Research HighlightsImproving Furrow Irrigation Efficiency
By Laura Temple
Tools created with advancing technology should make tasks easier and more efficient. New irrigation technologies and tools can do just that. But understanding and learning how to use new tools can be complicated and confusing.
“New techniques and tools can increase water use efficiency in the furrow irrigation systems farmers rely on in the Mississippi Delta,” says Drew Gholson, an assistant professor for agronomy and irrigation at Mississippi State University. “But farmers need unbiased information to figure out what tools fit their operation best, and they need support to figure out how to use those tools confidently.”
Thanks to soy checkoff funding from the Mississippi Soybean Promotion Board, Gholson is evaluating new furrow irrigation tools for soybean fields and sharing what he learns about using those tools effectively with extension agents and farmers. The soy checkoff has been supporting the Row-Crop Irrigation Science Extension and Research, or RISER, program since 2014. Gholson joined the program in 2019.
“We do this research on farms to be sure new tools and technologies work in real-life situations,” he says. “We compare water use efficiency and soybean yields between the tools we are evaluating and what cooperating farmers have been doing.”
Sensors and Automation
Gholson’s current research focuses on new irrigation tools on the market. His goal is to determine how much water a tool can save and if the economics will work for farmers.
“Management and decision making is what saves water,” he explains. “Anything that can help farmers do that can improve their water use efficiency.”
He is comparing different types of moisture sensors to improve the timing of irrigation initiation and termination. An online Soil Moisture Monitoring Showcase allows farmers to compare different types of soil moisture sensors, their dashboards and other details to help them decide which products make the most sense for them. County extension agents have been equipped to provide individual support to farmers as they adopt moisture sensors.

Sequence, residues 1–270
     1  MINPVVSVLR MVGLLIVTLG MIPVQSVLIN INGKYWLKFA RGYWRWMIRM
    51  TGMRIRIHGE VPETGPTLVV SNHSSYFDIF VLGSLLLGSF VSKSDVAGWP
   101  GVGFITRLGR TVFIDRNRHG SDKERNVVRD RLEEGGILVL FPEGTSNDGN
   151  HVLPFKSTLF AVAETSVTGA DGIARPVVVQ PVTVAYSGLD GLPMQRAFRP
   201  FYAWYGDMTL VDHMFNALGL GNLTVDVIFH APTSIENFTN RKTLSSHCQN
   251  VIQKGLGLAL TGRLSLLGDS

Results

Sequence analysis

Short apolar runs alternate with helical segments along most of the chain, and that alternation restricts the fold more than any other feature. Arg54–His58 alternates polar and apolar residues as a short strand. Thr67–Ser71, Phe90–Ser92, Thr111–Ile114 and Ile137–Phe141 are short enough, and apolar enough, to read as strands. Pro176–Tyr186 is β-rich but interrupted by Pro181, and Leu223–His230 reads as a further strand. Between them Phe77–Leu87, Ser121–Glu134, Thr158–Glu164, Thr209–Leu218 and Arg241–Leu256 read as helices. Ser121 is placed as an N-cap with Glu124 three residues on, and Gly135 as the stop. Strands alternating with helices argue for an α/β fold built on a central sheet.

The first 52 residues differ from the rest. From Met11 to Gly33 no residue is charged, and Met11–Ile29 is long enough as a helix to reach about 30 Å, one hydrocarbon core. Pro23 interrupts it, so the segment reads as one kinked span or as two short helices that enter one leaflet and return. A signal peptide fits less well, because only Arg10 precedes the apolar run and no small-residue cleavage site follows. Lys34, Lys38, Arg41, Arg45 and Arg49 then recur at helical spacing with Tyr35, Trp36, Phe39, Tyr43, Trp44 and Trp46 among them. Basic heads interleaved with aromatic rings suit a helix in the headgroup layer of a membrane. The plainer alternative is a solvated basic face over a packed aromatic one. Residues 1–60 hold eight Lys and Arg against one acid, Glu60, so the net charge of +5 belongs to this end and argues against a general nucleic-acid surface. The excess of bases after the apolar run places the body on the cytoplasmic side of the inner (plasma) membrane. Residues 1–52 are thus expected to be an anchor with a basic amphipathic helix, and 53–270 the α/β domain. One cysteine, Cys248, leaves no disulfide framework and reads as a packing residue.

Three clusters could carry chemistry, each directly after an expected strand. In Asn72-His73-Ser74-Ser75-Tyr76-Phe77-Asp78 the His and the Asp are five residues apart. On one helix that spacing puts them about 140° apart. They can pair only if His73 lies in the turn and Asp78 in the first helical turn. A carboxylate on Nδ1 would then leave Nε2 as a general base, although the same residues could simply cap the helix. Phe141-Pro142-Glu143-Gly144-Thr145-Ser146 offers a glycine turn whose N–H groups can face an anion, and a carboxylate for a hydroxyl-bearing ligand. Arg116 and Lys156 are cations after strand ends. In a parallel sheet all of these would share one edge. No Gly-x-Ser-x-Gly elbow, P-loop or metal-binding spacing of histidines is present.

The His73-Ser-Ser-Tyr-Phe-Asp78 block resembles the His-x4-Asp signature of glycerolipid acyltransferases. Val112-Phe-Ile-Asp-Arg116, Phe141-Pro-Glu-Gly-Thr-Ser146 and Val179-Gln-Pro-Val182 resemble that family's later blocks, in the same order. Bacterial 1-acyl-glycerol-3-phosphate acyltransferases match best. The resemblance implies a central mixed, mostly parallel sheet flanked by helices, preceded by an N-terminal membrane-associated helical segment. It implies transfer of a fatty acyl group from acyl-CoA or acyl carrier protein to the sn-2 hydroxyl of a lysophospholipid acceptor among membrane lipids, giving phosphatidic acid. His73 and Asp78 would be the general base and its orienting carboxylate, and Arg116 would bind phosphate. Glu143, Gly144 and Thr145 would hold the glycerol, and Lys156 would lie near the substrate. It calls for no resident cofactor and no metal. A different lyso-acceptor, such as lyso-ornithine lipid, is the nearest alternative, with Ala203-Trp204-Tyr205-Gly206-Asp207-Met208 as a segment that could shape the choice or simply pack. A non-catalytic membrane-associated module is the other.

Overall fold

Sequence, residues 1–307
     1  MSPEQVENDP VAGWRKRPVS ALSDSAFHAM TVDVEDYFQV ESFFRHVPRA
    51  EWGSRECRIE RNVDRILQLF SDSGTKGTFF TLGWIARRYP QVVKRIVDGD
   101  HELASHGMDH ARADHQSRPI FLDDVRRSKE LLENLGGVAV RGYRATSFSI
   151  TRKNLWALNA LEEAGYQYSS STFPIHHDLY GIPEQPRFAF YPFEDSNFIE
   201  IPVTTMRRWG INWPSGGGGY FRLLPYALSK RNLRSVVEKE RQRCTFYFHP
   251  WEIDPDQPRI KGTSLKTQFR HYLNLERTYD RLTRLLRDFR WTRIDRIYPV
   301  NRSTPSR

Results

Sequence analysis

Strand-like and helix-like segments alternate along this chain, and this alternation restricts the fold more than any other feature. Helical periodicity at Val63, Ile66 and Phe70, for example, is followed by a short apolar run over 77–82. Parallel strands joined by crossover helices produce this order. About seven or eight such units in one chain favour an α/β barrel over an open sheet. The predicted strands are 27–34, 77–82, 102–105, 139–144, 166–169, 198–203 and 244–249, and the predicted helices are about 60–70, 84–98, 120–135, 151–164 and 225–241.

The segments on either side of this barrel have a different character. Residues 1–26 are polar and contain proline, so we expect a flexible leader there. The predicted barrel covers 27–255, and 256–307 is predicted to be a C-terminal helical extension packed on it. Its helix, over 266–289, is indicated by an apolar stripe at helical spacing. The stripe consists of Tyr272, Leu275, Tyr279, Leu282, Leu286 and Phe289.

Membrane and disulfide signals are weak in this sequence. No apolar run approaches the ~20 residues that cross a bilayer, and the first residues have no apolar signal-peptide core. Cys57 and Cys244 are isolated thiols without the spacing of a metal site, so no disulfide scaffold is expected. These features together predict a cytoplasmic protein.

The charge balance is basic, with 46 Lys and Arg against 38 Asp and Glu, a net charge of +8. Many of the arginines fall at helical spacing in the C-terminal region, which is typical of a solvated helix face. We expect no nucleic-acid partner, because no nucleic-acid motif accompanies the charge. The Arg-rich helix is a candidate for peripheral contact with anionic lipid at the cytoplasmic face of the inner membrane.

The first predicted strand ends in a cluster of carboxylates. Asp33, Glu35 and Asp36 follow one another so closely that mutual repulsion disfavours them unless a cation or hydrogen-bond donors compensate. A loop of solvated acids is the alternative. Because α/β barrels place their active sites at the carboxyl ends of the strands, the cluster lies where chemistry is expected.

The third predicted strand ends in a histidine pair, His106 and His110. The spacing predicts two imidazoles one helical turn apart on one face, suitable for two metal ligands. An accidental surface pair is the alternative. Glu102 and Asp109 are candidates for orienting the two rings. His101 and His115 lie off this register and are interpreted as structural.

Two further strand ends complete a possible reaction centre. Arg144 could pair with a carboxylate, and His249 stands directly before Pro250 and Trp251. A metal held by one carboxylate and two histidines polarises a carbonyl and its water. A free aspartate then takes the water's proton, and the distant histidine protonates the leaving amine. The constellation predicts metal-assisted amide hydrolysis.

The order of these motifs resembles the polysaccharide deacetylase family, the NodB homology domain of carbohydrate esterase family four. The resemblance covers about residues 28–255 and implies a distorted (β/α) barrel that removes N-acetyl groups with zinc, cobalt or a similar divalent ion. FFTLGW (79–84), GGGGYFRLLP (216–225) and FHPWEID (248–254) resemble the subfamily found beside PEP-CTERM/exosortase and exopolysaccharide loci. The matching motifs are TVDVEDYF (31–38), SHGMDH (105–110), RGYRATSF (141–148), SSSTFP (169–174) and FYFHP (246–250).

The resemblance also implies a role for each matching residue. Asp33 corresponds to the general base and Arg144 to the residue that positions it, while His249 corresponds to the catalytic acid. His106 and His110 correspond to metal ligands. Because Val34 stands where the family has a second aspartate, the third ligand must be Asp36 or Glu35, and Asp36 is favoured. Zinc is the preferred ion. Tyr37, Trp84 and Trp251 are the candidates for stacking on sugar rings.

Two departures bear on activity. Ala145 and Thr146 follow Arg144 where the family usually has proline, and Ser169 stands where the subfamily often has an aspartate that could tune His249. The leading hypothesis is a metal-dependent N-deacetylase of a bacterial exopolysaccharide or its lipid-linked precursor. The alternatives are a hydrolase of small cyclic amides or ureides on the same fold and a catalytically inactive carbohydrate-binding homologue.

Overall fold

“We’ve found that having someone alongside them as they learn about this technology builds confidence in farmers,” he says. “They learn to trust the soil moisture sensors and their ability to use them,”
Gholson is also investigating automated water pump control systems. These systems install actuated valves on pumps that can be controlled remotely on mobile phones or tablets. Because each well usually serves several fields, farmers usually have to manually change the pumps to switch watering between fields. Automated systems allow farmers to turn water pumps on and off and to swap sets, redirecting the flow, remotely.
“This research seeks to answer questions about the reliability of these systems and how well they work when tied into existing systems,” he says. “Farmers want to know if pump control automation is worth the investment.”
Implementing Proven Technology
At the same time, Gholson is encouraging the adoption of practices that the RISER program has already proven to save water and money while maintaining soybean yields. In addition to using soil moisture sensors, the verified tools include computerized hole selection for irrigation piping and surge irrigation.
County extension agents have been trained to use a free computer program that takes in factors like field size, shape and elevation, water pressure, water flow rate and more to optimize irrigation. The program then calculates the ideal size of holes to punch in the pipe that carries water across the top of fields.
Surge irrigation pulses water to improve flow to the end of the field. Valve placement allows changes in water pressure to get water to the root zone. First, water soaks into part of a field. Then, the system uses a surge of water under higher pressure to allow later irrigation to flow across the top of the already-irrigated area more quickly.
“This improves the uniformity of watering,” Gholson explains. “Surge irrigation can improve water use efficiency 20 to 30%.”
He produces information in a wide range of formats, from training seminars to videos, to equip farmers and their advisors with the skills to effectively use these technologies. As he learns more about additional tools, like soil moisture sensors, he incorporates that information into his educational outreach.
Published: May 15, 2023
The materials on SRIN were funded with checkoff dollars from United Soybean Board and the North Central Soybean Research Program. To find checkoff funded research related to this research highlight or to see other checkoff research projects, please visit the National Soybean Checkoff Research Database.